One player sums up the frustration all the players have felt: "Almost as soon as I got into the gear, the barriers started stacking up," he says. Black Ice is intended to be an exposé of racism in hockey, but these stories are so infuriatingly universal to any person of color trying to operate in a predominantly White space—whether its a locker room, a board room, or any other kind of room—that the documentary almost works best viewed as a microcosm, a small case study of the dynamics of systemic racism that just happens to focus on hockey. The aggressions and micro-aggressions will be familiar to any person of color in any profession, as will the frustration, guilt, and exhaustion of the players who have had to work so much harder, endure so much hate, swallow so much trauma, compromise so many principles, and temper their personalities and behavior so carefully, just to survive and thrive in a system that made them feel they didn't belong. (Aliu, for example, carries shame for waiting 20 years to call out the abuse he suffered at the hands of Peters, but what choice did he have? “I’m this far away from getting to the National Hockey League,” he recalls feeling, “and he holds all my cards.”)
And, of course, 'twas ever thus. Interlaced throughout Black Ice is the history Davis wants to reclaim, the story of Canada's Coloured Hockey League of the Maritimes (CHLM), which started at the end of the 19th century in Nova Scotia. As with most things, Black people took the sport of hockey and reinvented it, introducing improvements and innovations their White counterparts would later appropriate as standard. (The slap shot was pioneered in the CHLM, as was the notion that goalies could leave the net or fall on their knees to make a save.) And, as with most things, they themselves were barred from reaping the rewards. One of the most moving moments in Black Ice is an archival interview with Herb Carnegie, called the greatest Black player to never make the NHL. Carnegie breaks into tears remembering how Toronto Maple Leafs owner Conn Smythe came to see him play in 1938, and then publicly joked that he would give any man $10,000 if they could turn Herb Carnegie White.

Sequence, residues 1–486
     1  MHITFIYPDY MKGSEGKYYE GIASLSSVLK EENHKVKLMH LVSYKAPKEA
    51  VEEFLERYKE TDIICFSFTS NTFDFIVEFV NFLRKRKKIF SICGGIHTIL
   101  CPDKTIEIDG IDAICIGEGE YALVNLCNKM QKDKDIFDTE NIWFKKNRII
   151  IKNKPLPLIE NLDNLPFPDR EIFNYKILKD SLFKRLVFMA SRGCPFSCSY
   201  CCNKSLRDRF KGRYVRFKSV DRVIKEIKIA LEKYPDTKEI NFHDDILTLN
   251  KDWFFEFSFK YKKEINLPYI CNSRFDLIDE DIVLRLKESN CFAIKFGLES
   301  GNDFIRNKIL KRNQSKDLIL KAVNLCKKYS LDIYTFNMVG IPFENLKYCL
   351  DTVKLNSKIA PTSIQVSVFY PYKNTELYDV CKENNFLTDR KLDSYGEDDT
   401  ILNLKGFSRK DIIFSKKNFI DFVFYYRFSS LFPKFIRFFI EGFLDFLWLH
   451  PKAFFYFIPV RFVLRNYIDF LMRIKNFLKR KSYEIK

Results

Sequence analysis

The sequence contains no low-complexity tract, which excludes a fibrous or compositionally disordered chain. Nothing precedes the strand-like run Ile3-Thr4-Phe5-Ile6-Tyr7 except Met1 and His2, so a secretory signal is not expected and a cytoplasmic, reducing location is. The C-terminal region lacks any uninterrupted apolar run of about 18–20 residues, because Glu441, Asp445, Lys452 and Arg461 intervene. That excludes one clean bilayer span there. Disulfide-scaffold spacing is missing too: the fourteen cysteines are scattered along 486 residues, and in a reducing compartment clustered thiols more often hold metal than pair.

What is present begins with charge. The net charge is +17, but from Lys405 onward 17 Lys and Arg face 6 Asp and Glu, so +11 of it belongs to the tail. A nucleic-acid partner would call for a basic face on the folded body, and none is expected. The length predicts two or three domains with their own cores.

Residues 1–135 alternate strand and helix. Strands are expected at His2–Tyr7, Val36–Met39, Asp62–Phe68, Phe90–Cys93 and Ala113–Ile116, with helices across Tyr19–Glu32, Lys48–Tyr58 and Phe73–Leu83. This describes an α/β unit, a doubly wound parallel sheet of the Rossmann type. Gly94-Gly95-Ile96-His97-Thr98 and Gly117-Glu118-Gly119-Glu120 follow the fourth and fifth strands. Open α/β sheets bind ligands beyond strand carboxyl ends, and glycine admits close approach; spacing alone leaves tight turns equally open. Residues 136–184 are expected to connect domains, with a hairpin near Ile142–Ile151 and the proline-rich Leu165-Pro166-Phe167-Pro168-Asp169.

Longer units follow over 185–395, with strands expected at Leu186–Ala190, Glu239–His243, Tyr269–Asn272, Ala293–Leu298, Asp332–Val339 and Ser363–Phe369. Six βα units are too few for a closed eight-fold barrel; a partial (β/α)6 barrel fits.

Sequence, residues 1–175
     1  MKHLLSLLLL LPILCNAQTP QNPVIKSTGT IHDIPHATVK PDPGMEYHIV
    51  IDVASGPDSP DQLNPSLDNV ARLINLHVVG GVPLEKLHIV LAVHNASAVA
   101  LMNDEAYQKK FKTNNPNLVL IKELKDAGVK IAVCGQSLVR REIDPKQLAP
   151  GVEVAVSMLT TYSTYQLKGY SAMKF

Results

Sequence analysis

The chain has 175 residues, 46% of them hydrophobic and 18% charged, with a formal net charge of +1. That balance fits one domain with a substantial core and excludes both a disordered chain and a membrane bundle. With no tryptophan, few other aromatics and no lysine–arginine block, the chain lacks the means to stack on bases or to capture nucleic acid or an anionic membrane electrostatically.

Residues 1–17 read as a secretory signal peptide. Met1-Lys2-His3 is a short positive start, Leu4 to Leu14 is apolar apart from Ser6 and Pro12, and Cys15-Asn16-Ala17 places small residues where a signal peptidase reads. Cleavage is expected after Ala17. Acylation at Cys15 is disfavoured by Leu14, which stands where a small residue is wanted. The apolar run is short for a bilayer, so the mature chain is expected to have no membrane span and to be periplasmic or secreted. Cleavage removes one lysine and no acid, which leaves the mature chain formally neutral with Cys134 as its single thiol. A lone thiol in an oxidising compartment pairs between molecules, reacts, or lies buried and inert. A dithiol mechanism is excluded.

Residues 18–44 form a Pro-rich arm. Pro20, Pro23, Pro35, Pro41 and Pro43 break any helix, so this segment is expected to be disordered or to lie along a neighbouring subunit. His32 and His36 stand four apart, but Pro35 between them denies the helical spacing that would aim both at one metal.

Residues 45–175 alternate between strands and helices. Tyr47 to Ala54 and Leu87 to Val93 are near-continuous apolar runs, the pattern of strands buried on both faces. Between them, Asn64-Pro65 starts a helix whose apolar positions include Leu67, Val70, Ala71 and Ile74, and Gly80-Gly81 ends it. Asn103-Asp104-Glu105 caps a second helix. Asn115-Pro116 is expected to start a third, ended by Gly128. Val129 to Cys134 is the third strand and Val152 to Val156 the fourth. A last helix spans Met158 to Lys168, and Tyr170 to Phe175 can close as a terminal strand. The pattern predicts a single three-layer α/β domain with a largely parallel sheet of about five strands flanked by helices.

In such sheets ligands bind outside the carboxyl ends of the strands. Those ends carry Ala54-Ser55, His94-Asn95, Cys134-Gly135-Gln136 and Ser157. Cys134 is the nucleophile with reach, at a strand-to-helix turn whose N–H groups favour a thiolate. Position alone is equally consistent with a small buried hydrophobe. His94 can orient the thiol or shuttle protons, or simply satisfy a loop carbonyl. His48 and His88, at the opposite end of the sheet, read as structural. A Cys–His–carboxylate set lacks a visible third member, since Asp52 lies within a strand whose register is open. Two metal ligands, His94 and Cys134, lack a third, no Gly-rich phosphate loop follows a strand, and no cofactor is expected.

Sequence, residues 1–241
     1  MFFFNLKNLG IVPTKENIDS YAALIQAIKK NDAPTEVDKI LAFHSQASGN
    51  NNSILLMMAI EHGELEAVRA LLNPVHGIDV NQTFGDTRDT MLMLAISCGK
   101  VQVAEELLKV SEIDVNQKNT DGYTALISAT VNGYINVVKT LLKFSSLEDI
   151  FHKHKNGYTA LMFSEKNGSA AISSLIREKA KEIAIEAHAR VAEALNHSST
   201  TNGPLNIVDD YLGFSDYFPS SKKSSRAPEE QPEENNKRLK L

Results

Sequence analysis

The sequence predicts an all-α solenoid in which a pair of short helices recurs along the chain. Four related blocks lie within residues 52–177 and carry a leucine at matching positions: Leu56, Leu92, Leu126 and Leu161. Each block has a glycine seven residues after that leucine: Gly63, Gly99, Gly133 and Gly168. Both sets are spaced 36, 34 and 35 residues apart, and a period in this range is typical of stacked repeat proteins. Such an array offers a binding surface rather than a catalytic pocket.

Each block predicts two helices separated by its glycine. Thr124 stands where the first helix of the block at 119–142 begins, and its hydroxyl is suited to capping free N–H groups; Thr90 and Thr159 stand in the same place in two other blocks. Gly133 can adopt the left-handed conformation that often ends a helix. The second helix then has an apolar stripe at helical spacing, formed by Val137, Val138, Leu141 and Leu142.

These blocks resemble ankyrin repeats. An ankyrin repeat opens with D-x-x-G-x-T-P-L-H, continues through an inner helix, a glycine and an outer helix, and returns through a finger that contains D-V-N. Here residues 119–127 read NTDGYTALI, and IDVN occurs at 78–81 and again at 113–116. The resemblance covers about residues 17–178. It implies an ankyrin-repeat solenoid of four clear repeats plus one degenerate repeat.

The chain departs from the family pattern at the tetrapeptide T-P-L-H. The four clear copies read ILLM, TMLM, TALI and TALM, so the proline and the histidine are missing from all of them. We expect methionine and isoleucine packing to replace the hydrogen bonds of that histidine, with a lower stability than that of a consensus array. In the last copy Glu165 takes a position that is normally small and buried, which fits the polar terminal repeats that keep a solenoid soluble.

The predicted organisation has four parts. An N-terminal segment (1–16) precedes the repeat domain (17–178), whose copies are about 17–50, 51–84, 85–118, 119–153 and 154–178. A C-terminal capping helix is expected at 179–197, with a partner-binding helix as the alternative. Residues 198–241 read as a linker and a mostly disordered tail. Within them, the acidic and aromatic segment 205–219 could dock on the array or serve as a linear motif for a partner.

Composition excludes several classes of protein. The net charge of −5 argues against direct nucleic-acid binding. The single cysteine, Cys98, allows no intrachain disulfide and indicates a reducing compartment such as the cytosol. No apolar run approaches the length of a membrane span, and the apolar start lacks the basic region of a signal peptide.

(Embedded within this history, too, are larger and more sinister patterns that further challenge the Canadian myth of racial tolerance. In telling the story of the CHLM, for example, Black Ice also tells the story of Africville, a vibrant, close-knit Black community that existed in Halifax since the mid-19th century, which was home to one of the teams, the Africville Seasides. Canadians may be shocked to learn of the history of this community, but for those of us in the U.S.—familiar with the fates of such communities like the Greenwood District in Tulsa, or Seneca Village in New York City—the story sounds all too familiar.)
So Black Ice succeeds admirably as testimony and historical reclamation. Where it falls short, perhaps—where the ice feels a little thin, if you will—is as investigation and examination. The film is to be commended for centering the voices of the individual Black players, highlighting the issues they have faced, and celebrating their resiliency and determination to not only succeed themselves but also change the culture for the next generation. (The generational tapestry Black Ice weaves is one of its most emotionally effective elements: there is a moving continuity from the oldest Black players at the turn of the century to the youngest hopefuls just finding their feet on the ice.) But there is no interrogation of League officials—or even White players and fans—and no real analysis of deeper systemic issues and policies that contribute to the problem. So the documentary is effectively descriptive, but it is disappointingly neither diagnostic nor prescriptive. This is ultimately a minor critique: it is perhaps enough that Black Ice starts the conversation, especially if Canada has, historically, been as far in denial as the film suggests. But for the American viewer south of the border (to whom these issues are so familiar, and so ubiquitous), it feels a little like Black Ice is just skating on the surface of a larger and deeper problem.